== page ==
If you’re a long-time user of SharePoint, then you must have stumbled upon calculated columns in a list or document library.
You must have seen it on some site and you’re probably wondering how to implement it to your as well.
The cool thing here is that the steps you need to take are quite the same, whether you’re using the classic or modern experience of SharePoint.
In this article, I’ll show you what a calculated column in SharePoint can do and how you can implement it yourself in only a few steps.
Let’s get started!
Table of Contents:
What do you need to know about calculated columns?
Basically, a calculated column is a column with values that are based on another value or field for the same row in the same list or library. It’s the only type of row that will allow you to use another value or field, do calculations on it, and display it as a value within the column.
The way it works is simple — it uses a syntax similar to Excel to calculate new values.
For example, let’s say you have a certain column in your list that represents when a document is due.
With a calculated column, you can create a column that will use that data, the due date, as a value and perform calculations on it. Let’s say you want to create a calculated column that will serve as a reminder to you that a document is due on a specific date.
Specifically, you can calculate a new date based on the due date minus five days, the answer of which will be the content of the calculated column.
To create a calculated column, navigate first to a list or library in a certain site that you manage or own.
Note that the calculated column only works on the site level.
Once you’re on the list or library, click on +Add Column > More.
This will bring you to the classic editor in SharePoint. Unfortunately, this feature hasn’t been modernized yet from the classic experience.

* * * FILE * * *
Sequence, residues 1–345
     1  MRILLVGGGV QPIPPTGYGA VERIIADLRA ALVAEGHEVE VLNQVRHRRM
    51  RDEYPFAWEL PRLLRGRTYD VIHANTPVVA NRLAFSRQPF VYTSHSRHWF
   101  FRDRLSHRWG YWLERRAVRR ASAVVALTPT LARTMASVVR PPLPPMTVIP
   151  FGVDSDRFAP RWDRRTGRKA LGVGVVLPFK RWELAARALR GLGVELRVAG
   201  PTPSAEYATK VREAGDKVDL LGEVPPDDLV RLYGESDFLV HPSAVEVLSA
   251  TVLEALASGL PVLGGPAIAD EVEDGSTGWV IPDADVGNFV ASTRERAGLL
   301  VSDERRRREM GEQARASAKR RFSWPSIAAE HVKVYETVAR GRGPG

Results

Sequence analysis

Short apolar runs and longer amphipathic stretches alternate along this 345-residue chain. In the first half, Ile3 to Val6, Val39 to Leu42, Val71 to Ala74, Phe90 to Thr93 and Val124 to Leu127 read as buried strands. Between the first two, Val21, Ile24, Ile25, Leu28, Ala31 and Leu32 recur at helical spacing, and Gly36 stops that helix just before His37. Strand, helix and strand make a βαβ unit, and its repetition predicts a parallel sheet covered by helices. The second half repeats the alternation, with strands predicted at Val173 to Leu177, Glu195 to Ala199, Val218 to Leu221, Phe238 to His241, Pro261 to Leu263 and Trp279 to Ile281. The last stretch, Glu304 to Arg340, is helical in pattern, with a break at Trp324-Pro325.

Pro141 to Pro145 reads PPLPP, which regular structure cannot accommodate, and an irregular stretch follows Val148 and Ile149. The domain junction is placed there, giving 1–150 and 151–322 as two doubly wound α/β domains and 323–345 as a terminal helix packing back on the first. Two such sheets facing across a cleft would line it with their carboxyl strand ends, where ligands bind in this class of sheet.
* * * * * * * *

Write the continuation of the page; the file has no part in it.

The next step is to give the column a name and choose Calculated as the type of column.
What to do next is to specify the calculation that has to take place. To make this simple, let’s use the Due Date column and subtract 30 days from it.
To make this happen, you must click on the column on the right box and click on Add to formula beneath it. Then, enter the rest of the formula.
The next part is to choose the correct format for the calculated column. Since the example is dealing with dates, we need to choose the Date and Time option and specify the format.
Once you’re done, simply hit OK and see the results:
Common Formulas in Lists
Here’s a good reminder from Microsoft when it comes to calculated columns:
Calculated fields can only operate on their own row, so you can’t reference a value in another row, or columns contained in another list or library. Lookup fields are not supported in a formula, and the ID of newly inserted row can’t be used as the ID doesn’t exist when the formula is processed.
In addition, here are the specific types of formulas that you can use:
- Conditional formulas
- Date and time formulas
- Mathematical formulas
- Text formulas
To check the full list of functions, visit Microsoft’s support page on the examples of common formulas in lists.
If you need any help in regards to SharePoint columns and pages, classic or modern, feel free to leave a comment below or send me a direct message via the contact page.